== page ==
Mon 7 Jun 2010
In the New York Times, an article discusses how the “Venerable British Museum Enlists in the Wikipedia Revolution.’ Have you looked at what Wikipedia says about your project/museum/archaeological site/etc. as of late? If you think it is inadequate, consider doing what the BM is doing: collaborating with Wikipedia to ensure that its huge readership—admit it, it hasn’t been very long since you last consulted it too, right?—gets the correct information. After all, “‘[t]en years ago we were equal, and we were all fighting for position,’ Mr. Cock [BM webmaster] said. Now, he added, ‘people are gravitating to fewer and fewer sites. We have to shift with how we deal with the Web.’”
In other words, if you can’t beat ’em, join ’em. Once criticized as amateurism run amok, Wikipedia has become ingrained in the online world: it is consulted by millions of users when there is breaking news; its articles are frequently the first result when a search engine is used. This enhanced role has moved hand in hand with Wikipedia’s growing stability (some would say stagnation). With more than three million articles in English alone, there are fewer unexplored topics, and many of the most important articles have been edited thousands of times over a number of years. All of this means that in today’s Wikipedia there is renewed value in old-fashioned expertise, whether to provide obscure details to articles that have already been carefully edited or to find worthy topics that haven’t been written about yet. Mr. Cock, for example, estimated that there were thousands of British Museum objects (among the eight million total) that would be worth their own Wikipedia articles but don’t have them.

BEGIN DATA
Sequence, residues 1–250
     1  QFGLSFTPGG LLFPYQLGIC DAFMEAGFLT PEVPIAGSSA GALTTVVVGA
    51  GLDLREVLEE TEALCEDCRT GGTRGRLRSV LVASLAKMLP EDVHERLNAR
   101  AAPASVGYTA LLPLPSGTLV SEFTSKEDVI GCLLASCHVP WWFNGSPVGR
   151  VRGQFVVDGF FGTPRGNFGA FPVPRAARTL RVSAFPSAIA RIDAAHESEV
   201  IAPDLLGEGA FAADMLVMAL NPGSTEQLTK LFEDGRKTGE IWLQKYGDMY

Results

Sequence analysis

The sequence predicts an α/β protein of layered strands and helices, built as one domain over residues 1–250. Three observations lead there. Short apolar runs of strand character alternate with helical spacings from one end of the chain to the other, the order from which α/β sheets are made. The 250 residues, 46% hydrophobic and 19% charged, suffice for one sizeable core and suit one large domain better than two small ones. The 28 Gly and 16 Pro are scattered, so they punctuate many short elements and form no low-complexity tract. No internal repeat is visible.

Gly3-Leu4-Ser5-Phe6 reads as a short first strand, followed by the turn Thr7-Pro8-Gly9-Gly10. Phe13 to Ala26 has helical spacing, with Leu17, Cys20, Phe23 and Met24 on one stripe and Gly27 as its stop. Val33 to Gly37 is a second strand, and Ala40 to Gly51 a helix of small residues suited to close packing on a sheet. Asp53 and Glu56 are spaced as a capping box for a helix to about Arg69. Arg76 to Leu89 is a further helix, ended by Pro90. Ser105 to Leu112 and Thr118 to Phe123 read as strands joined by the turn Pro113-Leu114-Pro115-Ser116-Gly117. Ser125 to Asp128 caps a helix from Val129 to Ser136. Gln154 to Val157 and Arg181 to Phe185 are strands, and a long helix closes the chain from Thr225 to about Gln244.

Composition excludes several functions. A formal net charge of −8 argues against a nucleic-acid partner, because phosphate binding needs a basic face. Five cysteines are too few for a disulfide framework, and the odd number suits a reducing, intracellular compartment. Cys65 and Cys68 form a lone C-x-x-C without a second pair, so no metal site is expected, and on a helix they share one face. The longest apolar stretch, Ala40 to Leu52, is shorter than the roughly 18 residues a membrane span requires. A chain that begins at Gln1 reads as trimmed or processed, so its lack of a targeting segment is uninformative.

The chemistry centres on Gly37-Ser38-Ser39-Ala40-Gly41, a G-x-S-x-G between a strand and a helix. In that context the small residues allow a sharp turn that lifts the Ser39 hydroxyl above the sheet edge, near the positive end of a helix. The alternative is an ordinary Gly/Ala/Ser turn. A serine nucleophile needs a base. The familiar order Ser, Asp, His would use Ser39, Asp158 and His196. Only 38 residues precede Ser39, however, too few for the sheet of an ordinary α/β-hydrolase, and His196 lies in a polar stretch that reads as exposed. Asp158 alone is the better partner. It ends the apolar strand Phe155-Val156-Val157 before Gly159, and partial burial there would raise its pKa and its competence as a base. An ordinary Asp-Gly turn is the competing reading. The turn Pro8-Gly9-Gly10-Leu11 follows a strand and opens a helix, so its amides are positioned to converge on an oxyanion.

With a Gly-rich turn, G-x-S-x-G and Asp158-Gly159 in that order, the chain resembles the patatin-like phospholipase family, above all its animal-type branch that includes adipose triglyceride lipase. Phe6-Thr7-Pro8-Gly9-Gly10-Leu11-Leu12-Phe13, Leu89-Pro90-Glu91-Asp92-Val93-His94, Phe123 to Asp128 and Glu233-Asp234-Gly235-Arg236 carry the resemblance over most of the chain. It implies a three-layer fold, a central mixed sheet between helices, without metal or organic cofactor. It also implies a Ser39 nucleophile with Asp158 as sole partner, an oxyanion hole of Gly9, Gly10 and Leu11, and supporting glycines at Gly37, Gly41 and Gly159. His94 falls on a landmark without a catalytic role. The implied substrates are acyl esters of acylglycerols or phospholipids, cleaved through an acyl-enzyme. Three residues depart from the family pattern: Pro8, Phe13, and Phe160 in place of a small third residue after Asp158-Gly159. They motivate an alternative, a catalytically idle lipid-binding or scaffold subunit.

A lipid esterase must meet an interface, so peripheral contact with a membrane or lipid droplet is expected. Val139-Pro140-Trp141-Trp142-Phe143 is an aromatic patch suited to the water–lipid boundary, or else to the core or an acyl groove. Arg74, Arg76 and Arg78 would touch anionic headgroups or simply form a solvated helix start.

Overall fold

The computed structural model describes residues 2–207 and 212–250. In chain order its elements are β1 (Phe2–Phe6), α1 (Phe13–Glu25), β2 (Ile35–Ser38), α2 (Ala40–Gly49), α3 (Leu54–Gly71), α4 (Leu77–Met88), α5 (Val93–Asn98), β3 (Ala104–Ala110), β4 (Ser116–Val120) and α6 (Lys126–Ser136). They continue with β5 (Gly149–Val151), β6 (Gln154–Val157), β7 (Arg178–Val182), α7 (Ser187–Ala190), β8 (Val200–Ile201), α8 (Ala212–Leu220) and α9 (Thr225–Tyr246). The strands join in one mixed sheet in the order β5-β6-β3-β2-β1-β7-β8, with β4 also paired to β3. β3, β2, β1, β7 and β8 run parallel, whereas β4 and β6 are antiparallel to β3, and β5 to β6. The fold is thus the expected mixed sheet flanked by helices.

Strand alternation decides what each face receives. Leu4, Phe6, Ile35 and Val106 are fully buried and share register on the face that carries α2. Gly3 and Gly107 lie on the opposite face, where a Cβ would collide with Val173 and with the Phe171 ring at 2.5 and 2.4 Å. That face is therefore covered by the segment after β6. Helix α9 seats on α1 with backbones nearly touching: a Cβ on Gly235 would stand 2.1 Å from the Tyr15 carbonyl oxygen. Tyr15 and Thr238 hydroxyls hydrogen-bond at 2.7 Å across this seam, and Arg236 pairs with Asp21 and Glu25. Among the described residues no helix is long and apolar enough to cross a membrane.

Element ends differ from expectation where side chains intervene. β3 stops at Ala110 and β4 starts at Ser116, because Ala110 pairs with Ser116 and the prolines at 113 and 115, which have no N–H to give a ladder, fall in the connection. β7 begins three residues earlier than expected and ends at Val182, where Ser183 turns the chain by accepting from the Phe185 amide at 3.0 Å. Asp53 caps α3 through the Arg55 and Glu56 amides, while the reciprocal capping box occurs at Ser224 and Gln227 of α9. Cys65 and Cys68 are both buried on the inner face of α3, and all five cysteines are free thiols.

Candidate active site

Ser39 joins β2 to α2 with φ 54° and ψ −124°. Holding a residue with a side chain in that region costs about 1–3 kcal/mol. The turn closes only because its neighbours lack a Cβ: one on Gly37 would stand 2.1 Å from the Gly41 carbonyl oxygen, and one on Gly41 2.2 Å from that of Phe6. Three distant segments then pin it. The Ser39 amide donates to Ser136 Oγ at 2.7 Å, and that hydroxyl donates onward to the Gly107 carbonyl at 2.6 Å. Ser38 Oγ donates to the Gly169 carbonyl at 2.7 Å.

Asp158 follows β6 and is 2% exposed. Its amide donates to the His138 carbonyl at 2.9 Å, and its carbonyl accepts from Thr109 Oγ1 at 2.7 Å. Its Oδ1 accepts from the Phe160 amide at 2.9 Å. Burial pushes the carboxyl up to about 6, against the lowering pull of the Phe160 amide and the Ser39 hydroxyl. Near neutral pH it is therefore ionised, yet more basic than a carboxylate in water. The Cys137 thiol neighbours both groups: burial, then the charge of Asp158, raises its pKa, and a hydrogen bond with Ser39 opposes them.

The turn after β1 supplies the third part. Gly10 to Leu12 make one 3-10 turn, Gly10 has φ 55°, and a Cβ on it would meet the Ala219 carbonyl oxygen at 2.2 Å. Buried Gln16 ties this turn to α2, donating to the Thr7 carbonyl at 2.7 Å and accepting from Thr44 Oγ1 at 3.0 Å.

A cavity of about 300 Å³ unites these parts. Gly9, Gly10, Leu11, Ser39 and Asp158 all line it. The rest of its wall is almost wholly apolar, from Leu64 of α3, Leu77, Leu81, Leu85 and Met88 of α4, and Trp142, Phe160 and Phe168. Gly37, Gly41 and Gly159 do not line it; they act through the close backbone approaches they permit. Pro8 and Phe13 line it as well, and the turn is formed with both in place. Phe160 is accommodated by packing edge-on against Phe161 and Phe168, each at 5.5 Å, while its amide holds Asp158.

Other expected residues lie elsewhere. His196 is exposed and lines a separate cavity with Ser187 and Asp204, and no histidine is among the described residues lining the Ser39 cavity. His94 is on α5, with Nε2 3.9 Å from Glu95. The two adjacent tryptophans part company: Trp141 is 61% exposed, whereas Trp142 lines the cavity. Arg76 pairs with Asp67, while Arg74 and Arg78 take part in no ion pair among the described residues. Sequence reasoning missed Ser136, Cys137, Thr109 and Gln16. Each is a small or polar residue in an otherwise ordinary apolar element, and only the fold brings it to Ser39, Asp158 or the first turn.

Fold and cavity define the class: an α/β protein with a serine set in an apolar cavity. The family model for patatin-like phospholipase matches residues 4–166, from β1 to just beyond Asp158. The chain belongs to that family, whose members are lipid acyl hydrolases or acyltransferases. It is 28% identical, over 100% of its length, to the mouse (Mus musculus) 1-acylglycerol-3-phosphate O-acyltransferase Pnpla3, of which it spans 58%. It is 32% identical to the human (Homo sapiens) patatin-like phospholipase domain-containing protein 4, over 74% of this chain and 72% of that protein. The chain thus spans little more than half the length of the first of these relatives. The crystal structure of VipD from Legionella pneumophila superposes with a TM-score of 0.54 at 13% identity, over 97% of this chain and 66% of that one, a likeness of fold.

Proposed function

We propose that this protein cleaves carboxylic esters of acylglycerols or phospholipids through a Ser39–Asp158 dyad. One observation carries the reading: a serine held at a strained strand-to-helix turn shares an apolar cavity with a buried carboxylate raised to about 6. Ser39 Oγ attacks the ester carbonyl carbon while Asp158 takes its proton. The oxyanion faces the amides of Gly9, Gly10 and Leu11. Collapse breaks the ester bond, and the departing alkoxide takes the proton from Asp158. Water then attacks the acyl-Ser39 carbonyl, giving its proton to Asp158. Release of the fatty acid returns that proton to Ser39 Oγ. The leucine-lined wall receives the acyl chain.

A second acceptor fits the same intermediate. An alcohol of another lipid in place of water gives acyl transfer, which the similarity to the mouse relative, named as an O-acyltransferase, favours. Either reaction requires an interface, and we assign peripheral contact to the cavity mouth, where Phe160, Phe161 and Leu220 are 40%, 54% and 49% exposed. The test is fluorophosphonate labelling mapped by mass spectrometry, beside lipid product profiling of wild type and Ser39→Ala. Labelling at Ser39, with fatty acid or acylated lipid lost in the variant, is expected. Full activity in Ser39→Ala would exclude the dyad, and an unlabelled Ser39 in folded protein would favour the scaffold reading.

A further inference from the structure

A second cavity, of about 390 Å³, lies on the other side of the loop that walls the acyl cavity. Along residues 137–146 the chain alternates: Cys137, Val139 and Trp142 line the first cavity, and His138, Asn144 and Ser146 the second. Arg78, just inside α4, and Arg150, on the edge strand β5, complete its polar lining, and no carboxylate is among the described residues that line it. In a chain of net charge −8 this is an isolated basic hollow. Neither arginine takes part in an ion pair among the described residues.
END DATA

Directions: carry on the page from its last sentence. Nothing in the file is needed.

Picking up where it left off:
What unites them is each organization’s concern for educating the public: one has the artifacts and expertise, and the other has the online audience. Dividing them are issues of copyright and control, principally of images. Wikipedia’s parent, the Wikimedia Foundation, is strongly identified with the “free culture movement,” which generally holds that copyright laws are too restrictive. The foundation hosts an online “commons” with more than six million media files, photos, drawings and videos available under free licenses, which mean they can be copied by virtually anyone as long as there is a credit. That brought Wikipedia into a legal tussle with another prominent British institution, the National Portrait Gallery, when high-resolution copies of paintings from its collection were uploaded to the commons. A Wikipedia volunteer had cobbled the copies together from the gallery’s Web site, justifying his actions by noting that the paintings involved were no longer under copyright. Both the portrait gallery and the British Museum generate revenue by selling reprints and copies of pieces in their collections.
[note: follow-up in the next post]